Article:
imbue

[ im-byoo ]
/ ɪmˈbyu /

verb (used with object), im·bued, im·bu·ing.

to impregnate or inspire, as with feelings, opinions, etc.: The new political leader was imbued with the teachings of Mahatma Gandhi.
to saturate or impregnate with moisture, color, etc.
to imbrue.

QUIZZES

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Question 1 of 9
“I do believe that the buck stops here, that I cannot rely upon public opinion polls to tell me what is right. I do believe that right makes might and that if I am wrong, 10 angels swearing I was right would make no difference.”

Origin of imbue

First recorded in 1545–55, imbue is from the Latin word imbuere to wet, drench

OTHER WORDS FROM imbue

im·bue·ment, nounpre·im·bue, verb (used with object), pre·im·bued, pre·im·bu·ing.un·im·bued, adjective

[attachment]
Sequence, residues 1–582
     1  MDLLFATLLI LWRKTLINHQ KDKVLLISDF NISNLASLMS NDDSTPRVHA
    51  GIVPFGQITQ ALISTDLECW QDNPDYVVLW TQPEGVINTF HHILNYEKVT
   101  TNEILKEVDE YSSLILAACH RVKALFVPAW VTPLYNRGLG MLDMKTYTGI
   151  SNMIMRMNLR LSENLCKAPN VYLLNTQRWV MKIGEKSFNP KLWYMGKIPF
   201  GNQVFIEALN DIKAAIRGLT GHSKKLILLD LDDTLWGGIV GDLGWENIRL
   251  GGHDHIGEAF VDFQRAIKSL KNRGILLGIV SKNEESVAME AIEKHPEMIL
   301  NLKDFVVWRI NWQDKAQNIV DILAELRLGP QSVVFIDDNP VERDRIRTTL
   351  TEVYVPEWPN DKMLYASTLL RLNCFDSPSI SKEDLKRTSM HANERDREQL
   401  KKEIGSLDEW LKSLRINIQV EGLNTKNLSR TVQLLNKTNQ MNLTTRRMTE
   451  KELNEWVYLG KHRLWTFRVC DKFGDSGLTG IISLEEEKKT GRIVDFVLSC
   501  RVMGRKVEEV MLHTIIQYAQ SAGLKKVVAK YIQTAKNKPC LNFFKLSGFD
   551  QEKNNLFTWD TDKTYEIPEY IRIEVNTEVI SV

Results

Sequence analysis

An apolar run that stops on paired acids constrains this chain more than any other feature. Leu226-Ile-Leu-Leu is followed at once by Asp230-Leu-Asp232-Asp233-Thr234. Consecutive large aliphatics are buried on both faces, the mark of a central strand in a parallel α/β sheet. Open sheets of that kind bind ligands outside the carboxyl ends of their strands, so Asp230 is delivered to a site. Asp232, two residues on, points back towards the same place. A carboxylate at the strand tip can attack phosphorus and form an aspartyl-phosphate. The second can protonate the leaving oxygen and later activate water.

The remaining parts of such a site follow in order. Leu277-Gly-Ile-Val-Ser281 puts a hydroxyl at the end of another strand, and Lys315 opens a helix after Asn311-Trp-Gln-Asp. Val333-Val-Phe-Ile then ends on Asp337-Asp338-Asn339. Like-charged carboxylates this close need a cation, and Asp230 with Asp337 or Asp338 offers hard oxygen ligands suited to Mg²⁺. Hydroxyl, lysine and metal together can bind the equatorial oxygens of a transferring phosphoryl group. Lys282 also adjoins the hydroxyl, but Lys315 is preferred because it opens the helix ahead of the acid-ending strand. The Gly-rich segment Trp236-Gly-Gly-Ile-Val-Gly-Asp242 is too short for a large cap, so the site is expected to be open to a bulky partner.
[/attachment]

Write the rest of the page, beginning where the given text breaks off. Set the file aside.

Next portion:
WORDS THAT MAY BE CONFUSED WITH imbue

imbrue, imbue
Dictionary.com Unabridged Based on the Random House Unabridged Dictionary, © Random House, Inc. 2020

Example sentences from the Web for imbue

British Dictionary definitions for imbue

imbue
/ (ɪmˈbjuː) /

verb -bues, -buing or -bued (tr usually foll by with)

to instil or inspire (with ideals, principles, etc)his sermons were imbued with the spirit of the Reformation
rare to soak, esp with moisture, dye, etc

Derived forms of imbue

imbuement, noun

Word Origin for imbue

C16: from Latin imbuere to stain, accustom
Collins English Dictionary - Complete & Unabridged 2012 Digital Edition © William Collins Sons & Co. Ltd. 1979, 1986 © HarperCollins Publishers 1998, 2000, 2003, 2005, 2006, 2007, 2009, 2012